How Partisanship Shapes and Divides News Preferences

Alarming results for media observers

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A new study from Pew suggests that Americans' political beliefs have left them divided regarding the media.
Daniel R. Blume/Creative Commons
By Tobias Carroll / January 25, 2020 4:30 pm

A new Pew study has sobering news about how ideological and partisan opinions shape Americans’ consumption of news. At NiemanLab, Laura Hazard Owen analyzed the results of the study — and found that liberals and conservatives (and Democrats and Republicans) trust and distrust almost none of the same news sources. The study offers data along partisan and ideological lines, and in both cases it paints a picture of a highly divided nation.

This is perhaps most apparent in the differing perceptions of Fox News and CNN. Fox News was the most trusted news source among those who identify as or lean Republican, and the most distrusted among those who identify as or lean Democratic. The reverse was true for CNN.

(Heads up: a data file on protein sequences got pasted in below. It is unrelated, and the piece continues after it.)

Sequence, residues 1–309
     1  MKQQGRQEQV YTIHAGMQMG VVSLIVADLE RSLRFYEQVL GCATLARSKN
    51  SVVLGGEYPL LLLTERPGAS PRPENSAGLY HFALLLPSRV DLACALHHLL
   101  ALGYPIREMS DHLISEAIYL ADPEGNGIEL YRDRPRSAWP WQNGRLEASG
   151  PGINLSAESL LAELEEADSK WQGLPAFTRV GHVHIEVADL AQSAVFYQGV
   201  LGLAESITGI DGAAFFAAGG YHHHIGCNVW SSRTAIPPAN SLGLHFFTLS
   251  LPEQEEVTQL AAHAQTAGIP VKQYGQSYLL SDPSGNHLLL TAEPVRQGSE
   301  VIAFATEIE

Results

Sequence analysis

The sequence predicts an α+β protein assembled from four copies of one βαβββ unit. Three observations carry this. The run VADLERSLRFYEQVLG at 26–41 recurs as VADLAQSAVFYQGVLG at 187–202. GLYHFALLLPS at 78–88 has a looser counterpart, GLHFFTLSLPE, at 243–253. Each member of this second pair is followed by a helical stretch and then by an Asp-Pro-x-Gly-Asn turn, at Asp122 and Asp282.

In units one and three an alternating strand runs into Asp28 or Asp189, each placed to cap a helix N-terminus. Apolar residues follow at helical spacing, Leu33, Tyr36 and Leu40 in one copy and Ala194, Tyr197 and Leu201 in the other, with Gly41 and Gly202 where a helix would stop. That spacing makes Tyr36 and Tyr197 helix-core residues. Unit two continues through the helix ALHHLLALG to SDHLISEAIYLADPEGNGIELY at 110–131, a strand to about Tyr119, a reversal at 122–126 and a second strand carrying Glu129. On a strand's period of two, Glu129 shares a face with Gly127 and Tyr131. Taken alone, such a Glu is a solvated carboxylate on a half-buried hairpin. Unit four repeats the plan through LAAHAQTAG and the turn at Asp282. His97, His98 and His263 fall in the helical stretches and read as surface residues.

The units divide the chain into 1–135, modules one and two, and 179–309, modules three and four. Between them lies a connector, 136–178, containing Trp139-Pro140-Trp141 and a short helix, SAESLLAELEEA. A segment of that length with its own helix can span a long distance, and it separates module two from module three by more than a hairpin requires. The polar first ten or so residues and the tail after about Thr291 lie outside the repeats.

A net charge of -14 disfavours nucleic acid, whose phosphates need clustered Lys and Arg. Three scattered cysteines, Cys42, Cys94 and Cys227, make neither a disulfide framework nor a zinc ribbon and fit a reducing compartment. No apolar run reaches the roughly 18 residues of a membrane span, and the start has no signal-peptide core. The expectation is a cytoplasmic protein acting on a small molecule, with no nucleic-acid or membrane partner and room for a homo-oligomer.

One side’s trusted source was the other’s distrusted source of news in numerous cases. There were some exceptions: BuzzFeed was distrusted by people on both sides of the ideological divide, and while Breitbart was distrusted by many on the liberal side of things, that didn’t translate it into being one of the top vote-getters on the “trusted” side for conservatives.

Owen notes that questions of trust and distrust don’t necessarily influence consumption of news. She writes, “not trusting a news source is not the same as not watching or reading it.”

The question of how ideology shapes perceptions of news is something that media reporters and analysts have pondered for many years. A 2016 article in The New York Times examined the influence of partisan influencers on the media ecosystem. And a 2018 report from FiveThirtyEight questioned the relationship of media bubbles to partisanship.

But at a time when news outlets offer wildly differing takes on certain heated issues, these questions of trust and distrust can have a huge impact on elections and public policy — and it’s hard to imagine things stabilizing any time soon.

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